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How a startup's tiny dots could lead to better smartphone photos

With tech called quantum dots, InVisage promises to surpass the limits of today's image sensors and vastly improve digital photos and videos. The first devices with its technology should arrive in early 2016.

By November 10, 2015


Appliance Science: The bright physics of light and color

How does color work, and how does the type of light source you use affect the colors you see? Appliance Science looks at the science of light and color.

By November 2, 2015


Why Curiosity Rover can't touch that Mars water

An analysis of the water on Mars may have to wait until NASA's human Mars mission in the 2030s.

By October 1, 2015


Virus study infects humanity with a 'vomiting machine'

Researchers create a machine that vomits to study how virus particles emitted when someone throws up can spread through the air and infect others. They had us at "a machine that vomits."

By August 20, 2015


Woman's donated leg mummified using ancient Egyptian practice

Using two legs from a cadaver, researchers in Switzerland baked one in an oven and covered the other in a salt solution to try to re-create ancient mummification. One method was successful.

By May 27, 2015


Ebola patient's strange symptom: His eye color changes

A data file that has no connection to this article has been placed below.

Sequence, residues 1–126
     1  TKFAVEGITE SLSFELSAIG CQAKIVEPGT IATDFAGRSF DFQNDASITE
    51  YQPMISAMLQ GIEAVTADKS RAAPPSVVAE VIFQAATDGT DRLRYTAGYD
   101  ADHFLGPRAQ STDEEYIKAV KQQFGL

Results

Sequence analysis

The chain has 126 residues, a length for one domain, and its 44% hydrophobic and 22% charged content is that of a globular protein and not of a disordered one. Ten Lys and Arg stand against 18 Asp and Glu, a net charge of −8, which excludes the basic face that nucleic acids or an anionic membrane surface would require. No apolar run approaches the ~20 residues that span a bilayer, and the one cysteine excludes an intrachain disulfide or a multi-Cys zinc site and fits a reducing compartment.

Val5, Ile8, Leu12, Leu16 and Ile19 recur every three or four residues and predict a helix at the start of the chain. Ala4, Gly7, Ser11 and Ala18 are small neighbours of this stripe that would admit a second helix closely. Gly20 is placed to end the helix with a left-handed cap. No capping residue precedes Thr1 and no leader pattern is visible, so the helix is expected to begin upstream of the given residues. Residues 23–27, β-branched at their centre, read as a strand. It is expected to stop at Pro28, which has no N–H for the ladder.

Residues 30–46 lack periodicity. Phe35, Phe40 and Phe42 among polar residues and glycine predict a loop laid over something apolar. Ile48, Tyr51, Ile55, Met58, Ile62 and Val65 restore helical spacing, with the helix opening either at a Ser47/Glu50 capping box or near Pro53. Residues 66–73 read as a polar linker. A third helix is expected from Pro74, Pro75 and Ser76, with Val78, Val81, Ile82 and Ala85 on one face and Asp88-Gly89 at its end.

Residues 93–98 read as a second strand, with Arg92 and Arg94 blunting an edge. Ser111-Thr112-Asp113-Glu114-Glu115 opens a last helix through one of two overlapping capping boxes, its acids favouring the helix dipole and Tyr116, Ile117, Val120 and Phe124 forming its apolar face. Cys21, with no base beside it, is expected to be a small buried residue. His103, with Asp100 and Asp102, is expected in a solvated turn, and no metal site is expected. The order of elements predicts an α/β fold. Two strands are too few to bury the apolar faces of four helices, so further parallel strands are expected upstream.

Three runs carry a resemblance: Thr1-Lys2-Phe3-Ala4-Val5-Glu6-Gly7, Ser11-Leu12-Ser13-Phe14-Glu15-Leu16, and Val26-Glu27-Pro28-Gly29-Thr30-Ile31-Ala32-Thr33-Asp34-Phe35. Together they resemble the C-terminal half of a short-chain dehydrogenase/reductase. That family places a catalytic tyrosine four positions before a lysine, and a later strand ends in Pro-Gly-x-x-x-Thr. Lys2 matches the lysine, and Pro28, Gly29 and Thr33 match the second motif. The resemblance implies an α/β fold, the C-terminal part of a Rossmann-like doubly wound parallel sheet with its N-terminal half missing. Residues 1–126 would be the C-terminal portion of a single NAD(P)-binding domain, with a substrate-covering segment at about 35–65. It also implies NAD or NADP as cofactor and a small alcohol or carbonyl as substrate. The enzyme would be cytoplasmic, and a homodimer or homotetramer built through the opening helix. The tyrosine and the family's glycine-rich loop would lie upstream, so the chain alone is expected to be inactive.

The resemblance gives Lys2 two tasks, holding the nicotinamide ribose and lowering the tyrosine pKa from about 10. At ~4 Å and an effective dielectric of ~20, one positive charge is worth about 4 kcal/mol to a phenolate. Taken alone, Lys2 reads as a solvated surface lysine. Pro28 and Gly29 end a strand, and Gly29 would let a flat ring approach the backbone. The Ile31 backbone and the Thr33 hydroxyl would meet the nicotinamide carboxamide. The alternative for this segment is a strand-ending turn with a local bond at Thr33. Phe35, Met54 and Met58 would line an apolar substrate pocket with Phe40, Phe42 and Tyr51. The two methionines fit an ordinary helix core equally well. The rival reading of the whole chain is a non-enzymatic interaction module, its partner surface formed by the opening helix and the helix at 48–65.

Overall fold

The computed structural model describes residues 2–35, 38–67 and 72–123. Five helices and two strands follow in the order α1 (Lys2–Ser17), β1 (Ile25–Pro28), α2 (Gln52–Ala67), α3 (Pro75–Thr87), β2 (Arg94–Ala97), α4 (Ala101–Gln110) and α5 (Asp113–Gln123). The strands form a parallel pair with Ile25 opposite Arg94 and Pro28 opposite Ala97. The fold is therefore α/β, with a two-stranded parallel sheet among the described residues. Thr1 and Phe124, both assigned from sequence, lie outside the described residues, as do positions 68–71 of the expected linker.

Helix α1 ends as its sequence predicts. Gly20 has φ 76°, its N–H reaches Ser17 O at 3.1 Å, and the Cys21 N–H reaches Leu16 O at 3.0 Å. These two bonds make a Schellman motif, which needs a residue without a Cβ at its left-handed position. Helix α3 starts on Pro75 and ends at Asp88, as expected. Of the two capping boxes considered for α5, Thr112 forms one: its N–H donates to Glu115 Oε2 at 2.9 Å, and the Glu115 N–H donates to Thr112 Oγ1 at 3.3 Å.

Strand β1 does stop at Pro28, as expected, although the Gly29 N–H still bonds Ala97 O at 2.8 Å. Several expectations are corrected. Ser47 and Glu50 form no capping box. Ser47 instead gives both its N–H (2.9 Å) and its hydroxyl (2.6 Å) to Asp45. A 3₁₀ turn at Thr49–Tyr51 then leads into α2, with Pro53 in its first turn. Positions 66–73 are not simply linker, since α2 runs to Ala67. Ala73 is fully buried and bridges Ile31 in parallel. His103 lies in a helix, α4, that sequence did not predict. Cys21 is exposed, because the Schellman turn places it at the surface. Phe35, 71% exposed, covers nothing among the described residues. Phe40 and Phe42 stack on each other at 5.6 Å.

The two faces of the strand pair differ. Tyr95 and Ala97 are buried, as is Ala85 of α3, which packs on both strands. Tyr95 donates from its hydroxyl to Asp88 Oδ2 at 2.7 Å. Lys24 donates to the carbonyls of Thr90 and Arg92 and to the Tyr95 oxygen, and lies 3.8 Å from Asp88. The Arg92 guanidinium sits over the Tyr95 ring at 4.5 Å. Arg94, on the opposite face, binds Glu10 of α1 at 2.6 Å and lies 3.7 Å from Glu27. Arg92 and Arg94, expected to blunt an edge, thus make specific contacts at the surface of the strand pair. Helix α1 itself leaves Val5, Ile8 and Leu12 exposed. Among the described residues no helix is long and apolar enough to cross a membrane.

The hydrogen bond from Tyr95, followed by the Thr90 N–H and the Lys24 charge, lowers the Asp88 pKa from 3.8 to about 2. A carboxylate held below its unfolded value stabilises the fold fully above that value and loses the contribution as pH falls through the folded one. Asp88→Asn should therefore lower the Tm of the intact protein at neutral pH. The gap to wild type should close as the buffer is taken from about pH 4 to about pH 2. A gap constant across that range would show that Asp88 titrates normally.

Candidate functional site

The Ebola virus can turn a person's blue eyes green, according to a study about an American physician who contracted the virus in Sierra Leone and then watched his eye color change.

By May 8, 2015


Appliance Science: How LED lights work

LED lights are the latest thing in home lighting, using less energy and lasting longer than their incandescent cousins. How do they work? Find out in the latest installment of Appliance Science.

By November 18, 2014


Could robots aid in the Ebola fight?

The White House will co-host a November workshop exploring the use of robots to help minimize human contact with the fast-spreading virus.

By October 20, 2014


Sub-$1 3D-printed microscope turns phones into science tools

Your next great scientific discovery is a 3D printer and less than $1 worth of materials away when you print your own smartphone microscope.

By September 18, 2014


Jack the Ripper finally ID'ed? Skepticism meets author's claims

An armchair detective and a biochemist claim to have solved the mystery of the Ripper's identity through DNA testing a shawl. But some experts aren't convinced.

By September 8, 2014